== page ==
Cardiosphere-derived exosomal microRNAs for myocardial repair in pediatric dilated cardiomyopathy

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Science Translational Medicine  09 Dec 2020:
Vol. 12, Issue 573, eabb3336
DOI: 10.1126/scitranslmed.abb3336

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Curbing cardiomyopathy

Stem cells and exosomes have been investigated as potential treatments for cardiovascular applications with varying degrees of success. Here, Hirai et al. treated a porcine model of dilated cardiomyopathy with cardiosphere-derived cells (CDCs) or CDCs pretreated to prevent release of their exosomes. Cardiac repair was achieved with injection of CDCs, but blocking exosome release abrogated functional recovery—even when exosomes were coinjected with cells. Moving into the clinic, they safely treated five pediatric patients with dilated cardiomyopathy with CDCs. Analysis of patients’ CDC-derived exosomes implicated miR-146a-5p in inhibiting inflammatory cytokine expression. Results demonstrate the safety of CDC treatment and highlight a potential mechanism of therapeutic efficacy.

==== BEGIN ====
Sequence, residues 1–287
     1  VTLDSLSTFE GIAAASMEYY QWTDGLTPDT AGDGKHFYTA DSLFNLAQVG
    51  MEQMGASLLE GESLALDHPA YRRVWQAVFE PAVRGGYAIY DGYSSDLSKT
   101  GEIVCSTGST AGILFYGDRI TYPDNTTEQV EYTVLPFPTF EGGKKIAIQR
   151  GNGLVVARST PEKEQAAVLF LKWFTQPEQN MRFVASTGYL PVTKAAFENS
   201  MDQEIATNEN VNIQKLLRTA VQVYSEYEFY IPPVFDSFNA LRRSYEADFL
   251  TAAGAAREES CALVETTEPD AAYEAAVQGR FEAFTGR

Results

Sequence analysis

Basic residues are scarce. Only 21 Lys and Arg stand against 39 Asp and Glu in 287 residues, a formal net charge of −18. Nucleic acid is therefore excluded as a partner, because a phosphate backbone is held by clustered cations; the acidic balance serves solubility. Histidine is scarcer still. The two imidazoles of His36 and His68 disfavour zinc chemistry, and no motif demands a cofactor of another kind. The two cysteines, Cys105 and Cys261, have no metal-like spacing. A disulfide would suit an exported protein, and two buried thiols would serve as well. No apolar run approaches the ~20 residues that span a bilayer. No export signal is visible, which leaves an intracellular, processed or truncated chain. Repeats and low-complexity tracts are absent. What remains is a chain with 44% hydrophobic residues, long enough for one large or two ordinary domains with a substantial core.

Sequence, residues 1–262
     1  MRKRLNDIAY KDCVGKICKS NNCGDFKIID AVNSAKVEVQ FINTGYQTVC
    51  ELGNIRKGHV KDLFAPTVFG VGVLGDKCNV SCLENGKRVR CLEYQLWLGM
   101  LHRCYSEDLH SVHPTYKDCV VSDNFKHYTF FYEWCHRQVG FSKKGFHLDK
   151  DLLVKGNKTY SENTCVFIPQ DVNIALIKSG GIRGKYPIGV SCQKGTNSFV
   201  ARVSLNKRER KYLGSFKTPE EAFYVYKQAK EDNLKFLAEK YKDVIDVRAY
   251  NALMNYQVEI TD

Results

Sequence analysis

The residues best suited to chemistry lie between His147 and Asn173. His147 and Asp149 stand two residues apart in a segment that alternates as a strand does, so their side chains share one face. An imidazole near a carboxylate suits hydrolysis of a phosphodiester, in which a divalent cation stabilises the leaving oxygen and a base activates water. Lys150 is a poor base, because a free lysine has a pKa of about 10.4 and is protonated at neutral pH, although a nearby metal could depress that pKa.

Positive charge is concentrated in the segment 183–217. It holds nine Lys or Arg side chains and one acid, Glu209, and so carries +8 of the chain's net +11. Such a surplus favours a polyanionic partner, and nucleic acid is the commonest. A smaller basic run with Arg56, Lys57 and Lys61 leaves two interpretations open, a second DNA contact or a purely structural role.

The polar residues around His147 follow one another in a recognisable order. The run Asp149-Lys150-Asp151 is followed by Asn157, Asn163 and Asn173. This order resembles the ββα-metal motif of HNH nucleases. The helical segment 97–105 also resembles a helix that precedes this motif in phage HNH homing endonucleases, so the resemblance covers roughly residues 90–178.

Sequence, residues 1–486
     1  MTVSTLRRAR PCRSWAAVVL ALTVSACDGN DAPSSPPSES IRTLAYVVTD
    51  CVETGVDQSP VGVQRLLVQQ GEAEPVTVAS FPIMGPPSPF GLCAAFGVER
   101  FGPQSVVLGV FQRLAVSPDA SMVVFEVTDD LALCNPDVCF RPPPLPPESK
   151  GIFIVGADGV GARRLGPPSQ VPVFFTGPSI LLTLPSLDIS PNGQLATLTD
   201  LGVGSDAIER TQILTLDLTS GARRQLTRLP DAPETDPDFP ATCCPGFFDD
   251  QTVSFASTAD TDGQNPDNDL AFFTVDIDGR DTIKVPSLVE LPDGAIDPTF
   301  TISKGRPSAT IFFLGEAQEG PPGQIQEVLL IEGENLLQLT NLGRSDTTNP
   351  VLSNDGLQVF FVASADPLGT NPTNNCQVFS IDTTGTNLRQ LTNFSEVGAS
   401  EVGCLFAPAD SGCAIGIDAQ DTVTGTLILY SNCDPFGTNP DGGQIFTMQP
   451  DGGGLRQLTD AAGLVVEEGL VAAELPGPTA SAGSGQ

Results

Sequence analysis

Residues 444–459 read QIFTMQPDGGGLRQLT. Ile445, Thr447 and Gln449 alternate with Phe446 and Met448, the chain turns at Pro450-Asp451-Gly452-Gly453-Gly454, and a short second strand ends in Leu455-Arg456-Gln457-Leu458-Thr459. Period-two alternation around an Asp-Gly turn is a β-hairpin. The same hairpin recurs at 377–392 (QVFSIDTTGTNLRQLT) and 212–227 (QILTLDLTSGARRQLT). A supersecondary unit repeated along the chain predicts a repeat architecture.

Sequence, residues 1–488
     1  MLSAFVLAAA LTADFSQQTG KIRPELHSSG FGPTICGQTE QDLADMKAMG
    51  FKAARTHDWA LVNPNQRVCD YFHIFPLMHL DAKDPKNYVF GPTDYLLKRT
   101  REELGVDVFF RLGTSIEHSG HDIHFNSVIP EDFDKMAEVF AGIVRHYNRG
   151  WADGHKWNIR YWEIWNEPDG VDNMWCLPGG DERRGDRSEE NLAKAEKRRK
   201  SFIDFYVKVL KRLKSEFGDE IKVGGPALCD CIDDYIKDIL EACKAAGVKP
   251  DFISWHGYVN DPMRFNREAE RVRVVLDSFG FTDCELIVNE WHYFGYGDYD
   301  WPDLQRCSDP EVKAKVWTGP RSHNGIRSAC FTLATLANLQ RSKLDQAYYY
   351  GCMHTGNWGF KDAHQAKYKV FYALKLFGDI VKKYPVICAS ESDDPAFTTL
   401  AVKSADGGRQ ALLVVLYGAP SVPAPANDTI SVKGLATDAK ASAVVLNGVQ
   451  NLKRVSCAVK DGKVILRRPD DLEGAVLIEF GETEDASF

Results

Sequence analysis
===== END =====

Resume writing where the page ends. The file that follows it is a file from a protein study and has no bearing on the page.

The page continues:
Although cardiosphere-derived cells (CDCs) improve cardiac function and outcomes in patients with single ventricle physiology, little is known about their safety and therapeutic benefit in children with dilated cardiomyopathy (DCM). We aimed to determine the safety and efficacy of CDCs in a porcine model of DCM and translate the preclinical results into this patient population. A swine model of DCM using intracoronary injection of microspheres created cardiac dysfunction. Forty pigs were randomized as preclinical validation of the delivery method and CDC doses, and CDC-secreted exosome (CDCex)–mediated cardiac repair was analyzed. A phase 1 safety cohort enrolled five pediatric patients with DCM and reduced ejection fraction to receive CDC infusion. The primary endpoint was to assess safety, and the secondary outcome measure was change in cardiac function. Improved cardiac function and reduced myocardial fibrosis were noted in animals treated with CDCs compared with placebo. These functional benefits were mediated via CDCex that were highly enriched with proangiogenic and cardioprotective microRNAs (miRNAs), whereas isolated CDCex did not recapitulate these reparative effects. One-year follow-up of safety lead-in stage was completed with favorable profile and preliminary efficacy outcomes. Increased CDCex-derived miR-146a-5p expression was associated with the reduction in myocardial fibrosis via suppression of proinflammatory cytokines and transcripts. Collectively, intracoronary CDC administration is safe and improves cardiac function through CDCex in a porcine model of DCM. The safety lead-in results in patients provide a translational framework for further studies of randomized trials and CDCex-derived miRNAs as potential paracrine mediators underlying this therapeutic strategy.

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